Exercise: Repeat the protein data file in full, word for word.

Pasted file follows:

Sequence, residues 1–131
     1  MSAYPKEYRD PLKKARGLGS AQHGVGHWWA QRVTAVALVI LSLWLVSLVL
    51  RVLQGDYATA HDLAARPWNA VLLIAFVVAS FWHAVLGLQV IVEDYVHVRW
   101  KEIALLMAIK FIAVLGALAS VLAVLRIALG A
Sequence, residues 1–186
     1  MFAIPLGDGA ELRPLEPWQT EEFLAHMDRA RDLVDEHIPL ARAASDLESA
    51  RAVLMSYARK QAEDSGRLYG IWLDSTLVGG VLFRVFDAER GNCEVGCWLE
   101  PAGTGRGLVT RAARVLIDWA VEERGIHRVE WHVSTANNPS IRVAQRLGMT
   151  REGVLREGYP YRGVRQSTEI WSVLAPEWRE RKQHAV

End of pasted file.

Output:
Sequence, residues 1–131
     1  MSAYPKEYRD PLKKARGLGS AQHGVGHWWA QRVTAVALVI LSLWLVSLVL
    51  RVLQGDYATA HDLAARPWNA VLLIAFVVAS FWHAVLGLQV IVEDYVHVRW
   101  KEIALLMAIK FIAVLGALAS VLAVLRIALG A
Sequence, residues 1–186
     1  MFAIPLGDGA ELRPLEPWQT EEFLAHMDRA RDLVDEHIPL ARAASDLESA
    51  RAVLMSYARK QAEDSGRLYG IWLDSTLVGG VLFRVFDAER GNCEVGCWLE
   101  PAGTGRGLVT RAARVLIDWA VEERGIHRVE WHVSTANNPS IRVAQRLGMT
   151  REGVLREGYP YRGVRQSTEI WSVLAPEWRE RKQHAV